YOUR WISE SHOPPER: We didn't buy a thing on Black Friday. And, just to make it fair to merchants of all sizes and degrees of cold-hearted facelessness, we didn't buy anything on Small Business Saturday, either.
We were growing wealthier by the day, simply by not going out shopping like literally everyone else in the country. It was a move every bit as shrewd as when we avoided the Bernie Madoff-fueled market collapse of 2009 simply by leaving every penny we had in our checking account.
The only problem was, we didn't have any gifts to give for Christmas.
One year when we were a young adult living on our own, we went through the entire season without bothering to get any gifts.
"For is that not," we intoned, our fingers interlaced with what we hoped would come across as grace, "the true meaning of this blessed day? Now, please join me in prayer."
Our mom snorted; everyone else was polite enough to sneer noiselessly. We ended up not donating any money to anyone. That was our way of punishing the cynicism of our greed-blinded family.
On Sunday, our daughter asked if we would go holiday shopping with her on Long Beach's Retro Row section of Fourth Street.
Sunday - maybe you know it as Cyber-Monday Eve - was the perfect day to go: No throwing elbows at Wal-Mart shoppers on Black Friday or tripping over smugsters at Small Biz Saturday. The mercantile world was our mercantile oyster.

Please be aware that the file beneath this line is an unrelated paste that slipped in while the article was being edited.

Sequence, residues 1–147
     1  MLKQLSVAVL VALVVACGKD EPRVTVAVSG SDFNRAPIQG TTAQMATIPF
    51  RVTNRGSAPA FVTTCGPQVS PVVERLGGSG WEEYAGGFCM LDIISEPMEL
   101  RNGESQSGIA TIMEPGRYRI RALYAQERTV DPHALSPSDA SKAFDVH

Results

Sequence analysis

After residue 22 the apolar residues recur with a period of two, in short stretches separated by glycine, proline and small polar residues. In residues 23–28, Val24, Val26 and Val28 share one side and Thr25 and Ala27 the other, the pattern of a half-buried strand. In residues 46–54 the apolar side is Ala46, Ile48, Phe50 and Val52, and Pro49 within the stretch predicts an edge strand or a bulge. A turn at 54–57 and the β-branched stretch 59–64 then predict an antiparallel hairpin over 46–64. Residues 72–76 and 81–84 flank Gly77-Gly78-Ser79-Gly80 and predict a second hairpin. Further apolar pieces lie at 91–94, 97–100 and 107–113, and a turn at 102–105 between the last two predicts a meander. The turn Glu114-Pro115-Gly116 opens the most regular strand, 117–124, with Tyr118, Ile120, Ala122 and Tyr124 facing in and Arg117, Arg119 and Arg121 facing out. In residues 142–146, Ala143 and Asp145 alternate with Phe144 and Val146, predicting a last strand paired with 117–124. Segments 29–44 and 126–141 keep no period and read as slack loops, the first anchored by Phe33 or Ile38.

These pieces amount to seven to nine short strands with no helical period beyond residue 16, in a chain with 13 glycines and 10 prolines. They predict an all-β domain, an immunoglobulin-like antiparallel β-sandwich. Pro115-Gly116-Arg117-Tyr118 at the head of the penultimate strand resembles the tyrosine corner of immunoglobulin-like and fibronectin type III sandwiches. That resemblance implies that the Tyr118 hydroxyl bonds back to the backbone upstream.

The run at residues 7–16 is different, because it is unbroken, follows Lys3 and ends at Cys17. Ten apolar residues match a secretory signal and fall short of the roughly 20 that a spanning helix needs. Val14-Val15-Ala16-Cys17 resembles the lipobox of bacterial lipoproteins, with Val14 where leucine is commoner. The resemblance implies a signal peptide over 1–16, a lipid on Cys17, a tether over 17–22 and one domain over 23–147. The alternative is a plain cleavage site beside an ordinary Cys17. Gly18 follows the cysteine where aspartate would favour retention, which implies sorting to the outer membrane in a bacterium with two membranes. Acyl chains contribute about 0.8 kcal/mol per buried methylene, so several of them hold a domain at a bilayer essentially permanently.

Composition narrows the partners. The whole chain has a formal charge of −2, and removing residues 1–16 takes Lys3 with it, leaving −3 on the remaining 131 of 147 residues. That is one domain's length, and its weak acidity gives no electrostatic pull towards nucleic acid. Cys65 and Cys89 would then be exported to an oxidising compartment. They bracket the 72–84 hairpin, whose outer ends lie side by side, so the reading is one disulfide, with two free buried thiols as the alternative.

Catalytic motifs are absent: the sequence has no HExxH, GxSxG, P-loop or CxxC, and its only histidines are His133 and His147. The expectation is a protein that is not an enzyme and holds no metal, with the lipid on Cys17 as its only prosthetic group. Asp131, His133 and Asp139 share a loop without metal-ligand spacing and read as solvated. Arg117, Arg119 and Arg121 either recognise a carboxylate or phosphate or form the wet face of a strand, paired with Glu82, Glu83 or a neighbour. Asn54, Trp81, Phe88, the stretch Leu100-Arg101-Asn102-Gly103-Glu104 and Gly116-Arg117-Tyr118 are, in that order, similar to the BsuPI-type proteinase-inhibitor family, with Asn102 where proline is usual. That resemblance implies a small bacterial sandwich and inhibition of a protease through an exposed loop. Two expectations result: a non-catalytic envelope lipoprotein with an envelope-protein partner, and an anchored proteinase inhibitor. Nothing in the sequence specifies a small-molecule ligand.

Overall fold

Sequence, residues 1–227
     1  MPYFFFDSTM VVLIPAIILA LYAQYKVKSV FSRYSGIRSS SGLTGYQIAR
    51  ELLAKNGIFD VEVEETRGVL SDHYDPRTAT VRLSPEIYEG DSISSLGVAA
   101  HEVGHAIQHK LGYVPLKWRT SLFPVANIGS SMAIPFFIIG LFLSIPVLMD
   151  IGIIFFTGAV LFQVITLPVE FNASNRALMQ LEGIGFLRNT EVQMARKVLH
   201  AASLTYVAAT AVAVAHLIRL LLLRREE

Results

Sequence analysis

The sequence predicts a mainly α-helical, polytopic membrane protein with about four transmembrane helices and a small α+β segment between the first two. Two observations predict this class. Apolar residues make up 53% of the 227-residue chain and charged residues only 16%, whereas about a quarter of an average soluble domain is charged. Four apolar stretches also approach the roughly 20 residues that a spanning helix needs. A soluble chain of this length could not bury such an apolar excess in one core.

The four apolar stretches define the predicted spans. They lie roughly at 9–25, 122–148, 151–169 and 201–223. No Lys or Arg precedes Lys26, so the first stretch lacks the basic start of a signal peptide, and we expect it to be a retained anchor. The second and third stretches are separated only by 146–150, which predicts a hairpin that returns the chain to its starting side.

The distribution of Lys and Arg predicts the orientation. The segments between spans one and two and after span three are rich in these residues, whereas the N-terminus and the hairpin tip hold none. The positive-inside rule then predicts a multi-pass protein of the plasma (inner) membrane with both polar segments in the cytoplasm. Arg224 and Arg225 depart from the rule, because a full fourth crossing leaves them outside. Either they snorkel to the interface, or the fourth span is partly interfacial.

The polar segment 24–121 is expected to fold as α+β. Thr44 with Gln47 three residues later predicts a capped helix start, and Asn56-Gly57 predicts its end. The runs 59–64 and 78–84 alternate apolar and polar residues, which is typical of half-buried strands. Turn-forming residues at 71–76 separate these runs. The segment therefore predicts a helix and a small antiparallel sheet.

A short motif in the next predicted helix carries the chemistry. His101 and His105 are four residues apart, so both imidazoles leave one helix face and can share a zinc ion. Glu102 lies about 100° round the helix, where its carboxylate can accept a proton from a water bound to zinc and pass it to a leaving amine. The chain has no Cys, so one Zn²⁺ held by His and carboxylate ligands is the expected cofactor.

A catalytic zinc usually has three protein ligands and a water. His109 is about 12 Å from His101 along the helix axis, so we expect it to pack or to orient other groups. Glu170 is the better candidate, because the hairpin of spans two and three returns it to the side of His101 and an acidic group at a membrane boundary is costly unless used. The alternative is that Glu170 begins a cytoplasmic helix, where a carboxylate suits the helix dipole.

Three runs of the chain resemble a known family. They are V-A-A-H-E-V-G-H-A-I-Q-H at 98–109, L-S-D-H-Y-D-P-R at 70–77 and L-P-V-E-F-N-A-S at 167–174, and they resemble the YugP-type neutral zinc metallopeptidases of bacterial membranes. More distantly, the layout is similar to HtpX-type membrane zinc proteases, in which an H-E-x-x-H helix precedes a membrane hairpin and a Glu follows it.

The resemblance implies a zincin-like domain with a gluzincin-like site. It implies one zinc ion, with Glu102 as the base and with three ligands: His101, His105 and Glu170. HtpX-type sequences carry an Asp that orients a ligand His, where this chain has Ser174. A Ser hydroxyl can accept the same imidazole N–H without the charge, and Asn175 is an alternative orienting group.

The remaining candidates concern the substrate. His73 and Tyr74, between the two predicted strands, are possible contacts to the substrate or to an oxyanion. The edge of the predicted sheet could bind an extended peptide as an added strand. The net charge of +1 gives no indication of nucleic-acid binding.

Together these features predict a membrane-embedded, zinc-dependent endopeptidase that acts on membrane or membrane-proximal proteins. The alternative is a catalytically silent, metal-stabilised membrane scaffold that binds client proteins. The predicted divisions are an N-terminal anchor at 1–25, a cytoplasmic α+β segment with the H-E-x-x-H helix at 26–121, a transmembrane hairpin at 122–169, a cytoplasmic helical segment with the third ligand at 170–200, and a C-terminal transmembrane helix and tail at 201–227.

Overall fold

We got more shopping done than in any day of our Christmas shopping history. (An aside here to the inevitable and wearisome crackpot: If we're talking about Christmas, we'll call it Christmas; if we're referring to the season, we'll call it the holidays. You're going to have to arrange your life around that fact. In this case, all the gifts we bought were for Christmas presents, so, yes, we were Christmas shopping, although we did buy a couple of things for our otherly hued friends and/or fearers of other gods or none at all, and maybe they'd like them for one of the other holidays that pile up at year's end, but the wrapping is going to make them look like Christmas presents. We're fairly PC, but not to the extent that we're going to buy wrapping paper from the United Nations Gift Shop).
Crowds aside, as they were on Sunday, the scope of products available on Retro Row and other small shopping districts dwarfs the entire array of offerings at Wal-Mart or a shopping mall.
We could shop at Wal-Mart all day long and come away with nothing but a 20-pack of crew socks and a five-gallon jar of pickles, but, excuse us helpful Wal-Mart customer service representative, could you tell us, please, on what aisle might we find a copy of Frances Gulick Jewett's 1927 "Physiology, Hygiene & Sanitation"?
We purchased that book (and a few bags of other things that you can't find in your basic "store") at Inretrospect on Fourth Street, maybe our favorite overall shop in this hemisphere.
The proprietor was a bit irked that he hadn't noticed that the book was in the store. "I would've kept that one for myself," he said, when we showed him some of the photographs in the ancient book, including a picture of a drunkard's liver and another of a mustachioed gent sleeping in a bed on the roof of his house in order to avoid consumption (the book reminds the gentle reader to keep warm, with the tip, "An inexpensive way to get extra covering is to sew newspapers between blankets").
On and on we went, snapping up toddler-size Who T-shirts, a toy piano that plays the same song over and over till you want to drop a bank safe on it, hard-to-find condiments, gaudy Christmas apparel, handcrafted boxes and artwork.
After 90 minutes of shopping, we went to Portfolio with our daughter for some coffee before heading back to the car.
"Well, that worked out well," we said.
"It was great," replied Hannah. "Now, let's go to Second Street."
And so we did and it, too, was great.